Mailvox: Borrowed Time

A reader with knowledge of the US shipbuilding industry concurs with my assessment of the USN having lost its naval superiority:

Your analysis about US shipbuilding capacity was spot on. I have an uncle who is an engineer at Newport News shipbuilding (Ingalls). I remember, many years ago, we were having a discussion similar to this topic and it centered on submarines construction.

I didn’t know this but New London, Conn (Electric Boat) can only build sections of the subs. The bow section is built at Newport News. The reason being, Electic Boat lacks the machine necessary to bend the steel in the bulbus shape of the bow section. They sold it off years ago. Newport News is the only shipyard that has that machine. I was surprised because this is an obvious single point of failure.

But then he went to tell me that Newport News is the only shipyard that can install a nuclear reactor. I shook my head in disgust. Right then and there, I knew that we, as a country, were pretenders living on borrowed time.

No amount of glorious history and past success can prevent an outdated power from being surpassed by its successor. Sooner or later, the illusion of invincibility inevitably fades.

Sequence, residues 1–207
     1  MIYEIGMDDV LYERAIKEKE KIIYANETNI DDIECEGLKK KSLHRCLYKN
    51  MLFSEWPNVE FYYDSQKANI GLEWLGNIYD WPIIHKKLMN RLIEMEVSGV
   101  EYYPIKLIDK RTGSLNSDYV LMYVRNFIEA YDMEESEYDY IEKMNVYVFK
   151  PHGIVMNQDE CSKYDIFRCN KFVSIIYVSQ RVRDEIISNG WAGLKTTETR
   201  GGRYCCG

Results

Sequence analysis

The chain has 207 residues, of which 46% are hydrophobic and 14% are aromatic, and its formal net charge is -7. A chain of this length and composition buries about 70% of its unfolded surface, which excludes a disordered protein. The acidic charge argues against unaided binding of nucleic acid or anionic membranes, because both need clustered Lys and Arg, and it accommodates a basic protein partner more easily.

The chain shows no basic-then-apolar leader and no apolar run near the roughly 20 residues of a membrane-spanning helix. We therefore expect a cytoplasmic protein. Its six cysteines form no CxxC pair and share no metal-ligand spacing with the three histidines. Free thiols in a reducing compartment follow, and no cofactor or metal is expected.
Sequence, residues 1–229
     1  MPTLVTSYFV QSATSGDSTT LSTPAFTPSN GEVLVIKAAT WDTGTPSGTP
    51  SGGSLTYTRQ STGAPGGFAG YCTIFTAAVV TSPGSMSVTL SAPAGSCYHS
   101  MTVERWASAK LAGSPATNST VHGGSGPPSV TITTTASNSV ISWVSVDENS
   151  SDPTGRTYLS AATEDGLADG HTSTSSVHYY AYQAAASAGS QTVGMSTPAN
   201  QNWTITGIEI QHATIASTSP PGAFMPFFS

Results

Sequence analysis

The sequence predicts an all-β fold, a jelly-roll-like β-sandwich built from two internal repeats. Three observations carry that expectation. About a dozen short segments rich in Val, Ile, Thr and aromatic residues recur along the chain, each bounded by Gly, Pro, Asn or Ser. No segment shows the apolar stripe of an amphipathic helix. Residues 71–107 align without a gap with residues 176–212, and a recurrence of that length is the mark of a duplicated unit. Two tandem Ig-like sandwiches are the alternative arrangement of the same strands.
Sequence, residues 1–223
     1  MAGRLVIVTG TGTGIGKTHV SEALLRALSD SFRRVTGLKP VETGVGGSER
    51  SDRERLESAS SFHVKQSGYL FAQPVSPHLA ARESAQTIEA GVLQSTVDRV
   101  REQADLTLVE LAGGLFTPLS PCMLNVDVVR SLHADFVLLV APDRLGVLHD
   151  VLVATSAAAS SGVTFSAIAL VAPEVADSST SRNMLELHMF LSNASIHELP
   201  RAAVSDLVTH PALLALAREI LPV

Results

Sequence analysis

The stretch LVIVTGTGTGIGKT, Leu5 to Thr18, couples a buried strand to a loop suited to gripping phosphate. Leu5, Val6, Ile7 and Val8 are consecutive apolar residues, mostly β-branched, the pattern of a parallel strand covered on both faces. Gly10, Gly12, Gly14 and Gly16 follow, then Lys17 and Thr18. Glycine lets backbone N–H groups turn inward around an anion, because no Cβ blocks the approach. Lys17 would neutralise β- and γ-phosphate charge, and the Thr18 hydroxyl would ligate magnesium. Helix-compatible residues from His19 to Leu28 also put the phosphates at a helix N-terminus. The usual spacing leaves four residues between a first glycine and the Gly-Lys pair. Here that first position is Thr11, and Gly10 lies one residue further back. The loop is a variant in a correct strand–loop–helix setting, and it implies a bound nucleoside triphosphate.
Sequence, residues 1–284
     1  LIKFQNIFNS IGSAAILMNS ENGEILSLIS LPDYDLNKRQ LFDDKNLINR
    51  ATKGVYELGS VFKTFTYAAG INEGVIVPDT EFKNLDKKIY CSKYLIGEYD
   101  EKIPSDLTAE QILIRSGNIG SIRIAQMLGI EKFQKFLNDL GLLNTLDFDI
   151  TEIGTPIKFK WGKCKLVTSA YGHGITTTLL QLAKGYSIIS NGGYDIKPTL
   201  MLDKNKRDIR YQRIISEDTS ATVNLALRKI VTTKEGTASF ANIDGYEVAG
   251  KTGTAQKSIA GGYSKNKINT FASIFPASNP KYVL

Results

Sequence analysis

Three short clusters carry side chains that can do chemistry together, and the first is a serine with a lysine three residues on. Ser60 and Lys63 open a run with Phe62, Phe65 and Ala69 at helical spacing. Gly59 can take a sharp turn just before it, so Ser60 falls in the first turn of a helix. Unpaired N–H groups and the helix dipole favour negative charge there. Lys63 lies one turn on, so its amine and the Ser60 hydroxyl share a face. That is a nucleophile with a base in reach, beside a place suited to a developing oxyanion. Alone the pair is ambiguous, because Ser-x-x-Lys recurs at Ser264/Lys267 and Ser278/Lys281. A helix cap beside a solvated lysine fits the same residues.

UPDATE: Apparently the reader’s take is the optimistic scenario, as someone with direct experience of naval repairs weighs in.

As someone who worked in ship repair on aircraft carriers and submarines at a naval shipyard for [more than 20] years, and on non-nuclear vessels for [additional] years as well, the description given to you of the industry is a vast understatement. The ability for the handful of nuclear capable yards to fix ships has been crippled by a combo of inability to train new workers well, and inability to maintain the skilled workers they do have. “Diversity” pushes women and racial minorities to the top in engineering positions. Some of those may have actually been able to do the jobs they were pushed into if they’d been given the time to build their skills in the way any man would have 10-20 years ago.

In the trades, even a modicum of skill is enough to find yourself fast tracked to a supervisor position before you even finish the apprenticeship program. Admirals appear to think that the lack of capacity to perform can be solved by creating more shipyards. This requires ignoring that the private shipyards can’t hire and maintain skilled labor either, both in nuclear and non-nuclear work. It’s not uncommon to leave a shipyard with many systems in worse shape after “maintenance” than they were in before arriving there. The ridiculous lead times for materials suggests other related industries are in just as bad of shape. As I write this, i’m staring at photos that just came out to my group of [important ship’s equipment destroyed by carelessness].